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Working From Home - Your Rights

by
Anisha Vaswani

The rise of the Covid-19 pandemic and Government restrictions forced the majority of us to work from home for over a year, for the first time in our academic and professional lives. For many of us who have started working in the past year, we have never, nor will we ever experience the traditional office working hours. The 18th of March, marking the beginning of work-from-home culture, ultimately gave rise to the end of the 5-day office-static workplace.

The end of lockdown and returning to ‘normal’ has as a result left many of us feeling forced into a lifestyle no longer fitting. So, how can junior workers return to the workplace, but with flexibility, and on their own terms? It is crucial to know your legal and contractual rights when asked to return to the workplace.

  1. Can your employer force you to return to the workplace?

Your employer has a right to make you return to work if your contract specifies that you would be working in the office. This means that you have to comply with any ‘reasonable management requests’ from your employer. Arguably, therefore, you could start by having a conversation with your employer about implementing a hybrid working model, or even a full-time work from home position, on the basis that this would be a reasonable working position for your role. You may also consider making a flexible working request. This is a legal right that all employees own, which will allow you to work flexibly to fit your needs.

In order to apply for flexible working, you can follow these basic steps. Firstly, write to your employer requesting flexible working. Your employer will then have to review your request and make a decision within three months. If your employer agrees to the request, they must then change the terms and conditions in your contract. However, if the employer disagrees, they must provide you with business reasons as to why your request was denies. Depending on this, you may be able to raise a complaint at an employment tribunal if you are still dissatisfied.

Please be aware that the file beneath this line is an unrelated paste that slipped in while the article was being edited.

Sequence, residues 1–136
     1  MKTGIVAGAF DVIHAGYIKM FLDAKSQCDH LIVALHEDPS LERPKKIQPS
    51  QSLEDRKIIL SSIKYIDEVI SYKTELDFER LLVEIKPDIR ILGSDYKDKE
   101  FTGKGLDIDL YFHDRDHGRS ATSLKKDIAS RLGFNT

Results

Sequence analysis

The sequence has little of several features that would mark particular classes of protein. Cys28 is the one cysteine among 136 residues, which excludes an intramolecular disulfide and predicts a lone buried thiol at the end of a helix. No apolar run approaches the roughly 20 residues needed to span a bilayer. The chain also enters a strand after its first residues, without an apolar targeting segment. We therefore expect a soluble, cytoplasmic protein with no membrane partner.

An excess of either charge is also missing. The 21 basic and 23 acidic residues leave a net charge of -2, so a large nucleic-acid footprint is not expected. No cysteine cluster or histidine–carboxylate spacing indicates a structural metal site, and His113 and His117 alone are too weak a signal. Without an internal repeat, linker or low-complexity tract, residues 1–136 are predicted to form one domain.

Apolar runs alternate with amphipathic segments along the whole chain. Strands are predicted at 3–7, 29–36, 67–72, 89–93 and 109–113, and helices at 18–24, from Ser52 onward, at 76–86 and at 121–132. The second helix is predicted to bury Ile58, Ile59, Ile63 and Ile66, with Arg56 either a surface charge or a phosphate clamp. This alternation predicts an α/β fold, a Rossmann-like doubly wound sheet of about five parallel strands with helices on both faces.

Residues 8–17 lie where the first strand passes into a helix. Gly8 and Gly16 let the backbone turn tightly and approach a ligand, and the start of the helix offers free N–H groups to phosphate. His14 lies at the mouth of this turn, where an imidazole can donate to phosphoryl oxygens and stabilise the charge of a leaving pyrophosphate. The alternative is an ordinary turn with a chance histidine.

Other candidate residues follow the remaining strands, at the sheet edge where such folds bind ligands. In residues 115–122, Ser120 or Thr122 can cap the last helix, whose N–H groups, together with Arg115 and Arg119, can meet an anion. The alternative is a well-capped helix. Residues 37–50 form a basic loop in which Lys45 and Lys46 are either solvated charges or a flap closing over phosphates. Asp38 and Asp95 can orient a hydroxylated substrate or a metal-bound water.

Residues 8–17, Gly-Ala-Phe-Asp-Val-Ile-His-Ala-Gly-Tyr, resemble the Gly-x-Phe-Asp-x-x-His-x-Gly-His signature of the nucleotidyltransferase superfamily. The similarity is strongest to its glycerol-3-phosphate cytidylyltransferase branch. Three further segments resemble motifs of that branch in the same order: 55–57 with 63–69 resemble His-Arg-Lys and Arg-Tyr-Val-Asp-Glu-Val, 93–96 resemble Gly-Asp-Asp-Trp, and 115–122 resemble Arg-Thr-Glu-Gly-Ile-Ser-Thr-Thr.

1. What if you are not satisfied with the health and safety measures in the workplace?

You may be able to use your legal and contractual rights if you do not believe your workplace provides adequate health and safety measures, particularly with the continuous threat of Covid-19. Your employer has a duty under the law, as well as in your contract, to provide a safe workspace. The current Government guidance requires employers to complete Covid-19 risk assessments and take appropriate steps to reduce the risk of the virus spreading in the workplace. If you believe they are not following such steps, you may initially wish to discuss this with your employer to come up with a better suited situation for you. However, if the issue is not resolved, you could report this to your Health and Safety Executive.

  1. Can your employer cut your pay if you start working from home?

Simply put, your employer can indeed change your salary if you move to a full-time remote position, only if the contract allows them to do so, or if you have agreed to this with your employer. However, if your employer attempts to change your salary without your, or your contract permitting this, this will be a breach of contract. In this case, rest assured that you can rely on your legal rights. You may be able to make a claim for unlawful deductions from wages. If you resign in accordance with this deduction, you may also be able to bring a claim for constructive dismissal.

Understanding your legal and contractual employment rights are crucial to giving junior workers the ability to work flexibly on their own terms. By following the advice and steps laid out above, this will be the key to employers adopting a more flexible and agile workplace moving forward, thereby also retaining a pool of increasingly versatile and resilient junior talent.

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